Since 1619, when the White Lion docked in Jamestown, Virginia and two dozen captive Africans from south-western Africa’s Ndongo Kingdom stepped forth, white supremacy has stubbornly resisted rationality.
African-Americans unmistakably recognise the executioner police officer Derek Chauvin’s countenance as the familiar scowl of white supremacy. “You are inferior,” it snarls. “How dare you challenge that? I can take your very life. I control your body, your fate, and your very existence. You are powerless to stop me.”
Violent opportunists using peaceful protests as cover to loot property is sickening. But that is negligible against vision of police brutalising unarmed, peaceful protesters.
I recognise this arrogant leer on the face of the white supremacist occupying the White House. It was there in 2017 when he called black athletes kneeling during the pre-game playing of the national anthem, “sons of bitches”. It’s there as he verbally abuses black female news reporters asking him challenging questions.
African-American author Ta-Nehisi Coates poignantly captures black distrust of law enforcement, in his memoir, Between the World and Me: “…the police reflect America in all of its will and fear.”
I now teach this book to Year 11 students at a private San Francisco high school, whose population is mostly white and economically privileged. There is no clearer illustration of Coates’s words than vision of Floyd’s murder.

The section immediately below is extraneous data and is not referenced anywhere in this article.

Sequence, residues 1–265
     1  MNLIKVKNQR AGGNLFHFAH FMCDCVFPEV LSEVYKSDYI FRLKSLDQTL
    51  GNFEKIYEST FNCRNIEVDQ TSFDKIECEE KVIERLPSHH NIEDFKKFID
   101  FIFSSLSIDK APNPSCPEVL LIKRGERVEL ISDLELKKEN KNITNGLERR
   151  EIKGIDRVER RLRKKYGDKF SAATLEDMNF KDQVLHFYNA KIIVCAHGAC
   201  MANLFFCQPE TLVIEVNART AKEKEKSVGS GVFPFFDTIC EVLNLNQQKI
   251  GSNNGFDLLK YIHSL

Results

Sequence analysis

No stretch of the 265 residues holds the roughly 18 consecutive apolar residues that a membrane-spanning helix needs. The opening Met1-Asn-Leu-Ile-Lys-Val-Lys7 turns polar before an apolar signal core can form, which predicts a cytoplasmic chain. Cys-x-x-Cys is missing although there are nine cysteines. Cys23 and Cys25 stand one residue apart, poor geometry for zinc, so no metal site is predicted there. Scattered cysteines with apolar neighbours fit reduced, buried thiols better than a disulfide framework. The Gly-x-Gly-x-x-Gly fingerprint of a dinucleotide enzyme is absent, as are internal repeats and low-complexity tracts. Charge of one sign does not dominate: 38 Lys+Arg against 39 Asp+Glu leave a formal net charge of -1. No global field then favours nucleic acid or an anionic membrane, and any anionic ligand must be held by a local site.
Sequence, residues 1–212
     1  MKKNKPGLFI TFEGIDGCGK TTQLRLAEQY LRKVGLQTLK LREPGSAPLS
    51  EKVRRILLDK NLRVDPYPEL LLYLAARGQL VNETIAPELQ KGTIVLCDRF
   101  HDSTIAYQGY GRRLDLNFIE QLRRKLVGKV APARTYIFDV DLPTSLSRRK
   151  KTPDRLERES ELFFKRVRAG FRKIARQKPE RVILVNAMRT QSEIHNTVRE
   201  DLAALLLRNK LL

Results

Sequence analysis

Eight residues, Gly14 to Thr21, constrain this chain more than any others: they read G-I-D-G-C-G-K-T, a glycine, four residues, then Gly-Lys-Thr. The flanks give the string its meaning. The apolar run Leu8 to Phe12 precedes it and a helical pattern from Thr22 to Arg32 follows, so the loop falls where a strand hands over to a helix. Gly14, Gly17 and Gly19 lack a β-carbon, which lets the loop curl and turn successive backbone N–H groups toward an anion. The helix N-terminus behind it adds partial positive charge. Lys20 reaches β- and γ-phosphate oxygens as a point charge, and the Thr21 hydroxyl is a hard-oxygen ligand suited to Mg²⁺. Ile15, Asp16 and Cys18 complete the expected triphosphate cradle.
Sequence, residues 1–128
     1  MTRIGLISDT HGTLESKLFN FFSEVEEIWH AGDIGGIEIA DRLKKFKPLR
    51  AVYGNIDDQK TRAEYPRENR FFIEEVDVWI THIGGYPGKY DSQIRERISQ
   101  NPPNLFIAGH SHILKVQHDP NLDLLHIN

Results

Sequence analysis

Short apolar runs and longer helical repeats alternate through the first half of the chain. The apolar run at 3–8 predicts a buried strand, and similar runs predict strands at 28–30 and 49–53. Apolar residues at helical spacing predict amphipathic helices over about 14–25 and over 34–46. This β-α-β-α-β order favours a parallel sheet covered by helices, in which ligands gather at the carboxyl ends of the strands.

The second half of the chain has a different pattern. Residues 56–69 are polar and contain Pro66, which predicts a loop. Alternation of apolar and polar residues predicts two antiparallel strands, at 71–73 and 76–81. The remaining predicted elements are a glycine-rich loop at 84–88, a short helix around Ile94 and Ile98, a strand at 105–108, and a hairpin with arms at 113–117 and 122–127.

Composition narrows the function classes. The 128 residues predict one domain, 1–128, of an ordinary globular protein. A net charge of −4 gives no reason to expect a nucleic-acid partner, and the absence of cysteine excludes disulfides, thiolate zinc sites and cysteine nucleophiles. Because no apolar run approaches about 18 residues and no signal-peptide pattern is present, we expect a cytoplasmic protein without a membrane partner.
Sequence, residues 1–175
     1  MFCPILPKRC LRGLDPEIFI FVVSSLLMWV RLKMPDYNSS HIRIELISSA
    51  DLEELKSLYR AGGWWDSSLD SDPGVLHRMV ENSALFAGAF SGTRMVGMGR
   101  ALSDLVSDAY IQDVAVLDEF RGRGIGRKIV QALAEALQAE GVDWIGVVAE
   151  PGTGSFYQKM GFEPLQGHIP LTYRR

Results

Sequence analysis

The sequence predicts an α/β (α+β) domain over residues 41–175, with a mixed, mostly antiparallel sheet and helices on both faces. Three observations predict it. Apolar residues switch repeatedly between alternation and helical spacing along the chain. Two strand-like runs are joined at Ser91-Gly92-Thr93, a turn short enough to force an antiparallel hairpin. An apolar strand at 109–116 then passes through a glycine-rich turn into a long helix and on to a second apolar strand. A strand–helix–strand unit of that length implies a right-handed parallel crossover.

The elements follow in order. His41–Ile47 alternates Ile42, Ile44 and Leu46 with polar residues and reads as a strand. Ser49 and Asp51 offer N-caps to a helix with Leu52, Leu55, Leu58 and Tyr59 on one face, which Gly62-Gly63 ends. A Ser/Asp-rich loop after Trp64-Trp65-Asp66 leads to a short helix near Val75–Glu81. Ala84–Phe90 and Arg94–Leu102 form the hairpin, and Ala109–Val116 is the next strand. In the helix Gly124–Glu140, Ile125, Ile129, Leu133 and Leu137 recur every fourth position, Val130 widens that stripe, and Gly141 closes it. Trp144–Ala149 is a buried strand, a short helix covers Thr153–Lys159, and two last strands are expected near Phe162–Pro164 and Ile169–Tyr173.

Justice may soon be coming. On Thursday, the Minnesota Attorney General’s Office upgraded murder charges against Chauvin from third-degree to second-degree, which carries a maximum 40-year sentence. It also charged the other three sacked officers connected to Floyd’s death – Alexander Keung, Thomas Lane and Tou Thao – with felony aiding and abetting second-degree murder and second-degree manslaughter, whose maximum sentences are, respectively, 40 years and 10 years.
I’m rapt by millions of allies of all other colours and cultures worldwide, publicly demonstrating to make police and vigilante killings of black men, whether African-American, African immigrant – or, in Australian protests, Indigenous people – a human rights imperative.
Violent opportunists using peaceful protests as cover to loot property is sickening. But that is negligible against vision of police brutalising unarmed, peaceful protesters, including the killing of a Louisville, African-American restaurateur; the dragging of two Atlanta college students from their car and their resultant beating and tasing; the ramming of a group of New York protesters by a police ute; and the assaulting of myriad journalists, including a Washington, DC, Ch7 Sunrise crew.
Two weeks ago, I asked my Year 11 students to write an essay, after reading Coates’s book, whether African-American youth should envision a fearless or fearful future. I should have assigned them to ask any brother: what’s causing your insomnia?
Gil Griffin is a freelance writer and humanities teacher and assistant baseball coach at a private San Francisco high school.